Plant-based burgers – challenge for beef, opportunity for wheat?

James Nason, May 19, 2017
400M 2017 Andrew Kelly impossible foods

Andrew Kelly warns that plant based burgers, like the Impossible Burger pictured, could quickly capture a big percentage of the global burger market.


Plant-based beef burgers could be about to have a much bigger impact on global beef consumption than many may realise, the 400M Ag Tech Investment conference in Toowoomba was told yesterday.

The world is shifting fast towards plant-based proteins, much faster than a lot of people may be aware, leading ag tech investor Andrew Kelly, BioPacific Partners, warned.

Pictured above is the “Impossible burger”, an entirely-plant based hamburger produced by Impossible Foods.

Since 2011 the company has raised $182m with investment support from big hitters including Google Ventures and Bill Gates.

The Impossible burger is made from ingredients including wheat and potato protein and coconut oil and includes the blood iron carrying chemical Haem to make its meat-free burgers “bleed”.

Impossible Foods’ CEO David Lee has said the company has scientifically discovered “what makes people crave meat, right down to the substance”.

The burger now sells in restaurants in the US and started selling in nine upmarket Umami burger chain outlets in California this week, debuting on menus at a price of $16.

It also appears to be receiving positive feedback, with reviewers writing that they found it hard to differentiate from a normal burger.

But can this vegetarian burger win over the meat loving masses?

While many in the beef industry may dismiss this as a threat, Mr Kelly believes this technology will be very disruptive – and not in 20 years time, but within the next five.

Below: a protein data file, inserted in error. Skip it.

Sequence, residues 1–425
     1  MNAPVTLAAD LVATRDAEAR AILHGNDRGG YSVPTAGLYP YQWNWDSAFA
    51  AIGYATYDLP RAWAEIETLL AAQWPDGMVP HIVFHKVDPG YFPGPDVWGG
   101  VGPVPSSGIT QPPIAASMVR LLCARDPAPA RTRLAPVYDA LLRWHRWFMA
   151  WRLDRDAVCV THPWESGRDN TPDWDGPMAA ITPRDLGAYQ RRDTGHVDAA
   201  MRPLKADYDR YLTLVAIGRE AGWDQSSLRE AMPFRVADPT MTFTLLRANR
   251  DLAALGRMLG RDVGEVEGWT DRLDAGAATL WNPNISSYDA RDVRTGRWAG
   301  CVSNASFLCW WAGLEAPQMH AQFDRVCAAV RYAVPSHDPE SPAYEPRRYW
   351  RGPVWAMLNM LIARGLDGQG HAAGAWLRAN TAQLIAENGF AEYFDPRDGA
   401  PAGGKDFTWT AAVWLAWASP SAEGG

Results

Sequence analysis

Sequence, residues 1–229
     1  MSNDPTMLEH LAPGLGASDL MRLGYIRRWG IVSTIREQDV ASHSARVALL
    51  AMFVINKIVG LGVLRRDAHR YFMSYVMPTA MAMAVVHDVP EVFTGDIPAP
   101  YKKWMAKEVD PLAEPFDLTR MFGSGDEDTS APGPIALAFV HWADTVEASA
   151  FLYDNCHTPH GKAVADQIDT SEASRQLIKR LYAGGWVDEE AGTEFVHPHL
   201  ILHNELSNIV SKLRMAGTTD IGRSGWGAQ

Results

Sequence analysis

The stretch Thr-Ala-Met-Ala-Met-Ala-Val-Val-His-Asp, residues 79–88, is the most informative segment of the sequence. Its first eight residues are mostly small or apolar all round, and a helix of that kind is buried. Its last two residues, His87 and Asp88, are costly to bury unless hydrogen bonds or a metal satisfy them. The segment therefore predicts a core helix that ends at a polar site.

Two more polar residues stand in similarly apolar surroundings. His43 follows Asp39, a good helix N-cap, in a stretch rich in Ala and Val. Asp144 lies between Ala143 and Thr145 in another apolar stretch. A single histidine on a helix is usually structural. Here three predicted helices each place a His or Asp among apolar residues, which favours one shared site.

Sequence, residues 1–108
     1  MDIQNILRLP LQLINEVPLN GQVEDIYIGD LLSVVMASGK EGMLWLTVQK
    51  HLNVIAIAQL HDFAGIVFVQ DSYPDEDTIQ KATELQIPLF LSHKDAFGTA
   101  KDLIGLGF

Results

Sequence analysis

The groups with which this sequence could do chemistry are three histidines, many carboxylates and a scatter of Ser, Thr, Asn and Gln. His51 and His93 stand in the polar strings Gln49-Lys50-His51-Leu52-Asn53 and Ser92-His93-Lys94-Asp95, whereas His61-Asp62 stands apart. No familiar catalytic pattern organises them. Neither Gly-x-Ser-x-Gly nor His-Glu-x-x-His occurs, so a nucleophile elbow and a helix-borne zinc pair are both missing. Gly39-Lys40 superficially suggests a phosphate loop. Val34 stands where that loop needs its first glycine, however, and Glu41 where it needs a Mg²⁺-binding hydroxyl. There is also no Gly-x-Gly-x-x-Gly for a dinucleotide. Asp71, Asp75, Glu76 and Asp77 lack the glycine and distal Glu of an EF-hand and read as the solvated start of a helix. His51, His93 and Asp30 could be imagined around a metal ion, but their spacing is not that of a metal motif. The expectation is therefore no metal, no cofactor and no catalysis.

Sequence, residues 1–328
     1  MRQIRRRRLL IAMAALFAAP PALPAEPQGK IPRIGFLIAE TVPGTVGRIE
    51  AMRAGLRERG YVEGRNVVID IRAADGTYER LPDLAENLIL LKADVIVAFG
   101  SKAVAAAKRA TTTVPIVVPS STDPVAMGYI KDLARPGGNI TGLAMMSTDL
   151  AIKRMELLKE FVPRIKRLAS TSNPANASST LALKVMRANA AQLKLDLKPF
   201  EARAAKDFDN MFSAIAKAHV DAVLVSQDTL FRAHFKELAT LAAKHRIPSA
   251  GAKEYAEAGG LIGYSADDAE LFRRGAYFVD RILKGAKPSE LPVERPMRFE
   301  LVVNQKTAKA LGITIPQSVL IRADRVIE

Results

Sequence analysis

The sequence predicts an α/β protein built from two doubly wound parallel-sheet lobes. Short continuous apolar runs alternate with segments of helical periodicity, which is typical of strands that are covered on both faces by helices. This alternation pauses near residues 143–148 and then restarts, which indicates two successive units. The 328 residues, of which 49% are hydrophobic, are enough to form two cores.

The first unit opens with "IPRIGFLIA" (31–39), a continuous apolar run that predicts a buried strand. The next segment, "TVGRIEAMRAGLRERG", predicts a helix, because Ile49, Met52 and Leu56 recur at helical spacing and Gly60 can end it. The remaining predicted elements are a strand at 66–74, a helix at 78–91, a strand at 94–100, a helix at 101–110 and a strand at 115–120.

“My thesis here is that the minute somebody does get a burger that bleeds and will taste just as good and look just as good and have the same mouth feel, and of course remember a lot of the taste of the burger comes from the outside, where it has been seared and cooked, if they can get those largely right, I suspect a huge portion particularly of millennials will just switch,” he said.

“They will say, ‘hey, I have always liked my burgers, I don’t like the idea of going vegetarian or vegan, but I can now do that and it is good for the planet and I feel good about it’.

“And so that will be a very disruptive technology if that happens.”

Mr Kelly told Beef Central he doesn’t see the technology causing the demise of the beef industry, but believes it could potentially steal as much as 20 percent of global beef market share.

He said the industry had to be ready to cope with this challenge.

Competing in the high volume burger industry is one thing, but can similar technology be produced to replicate, and perhaps ultimately replace, a steak?

Mr Kelly said he was dubious.

While the emerging field is cellular agriculture is allowing scientists to grow muscle cells, he felt that no matter how hard they work at it, a steak as a single slice of meat would always retain dominance of that market.

While it seemed unlikely that anyone would walk into a fine restaurant and order a steak but eat something that wasn’t a steak, a burger was another story.



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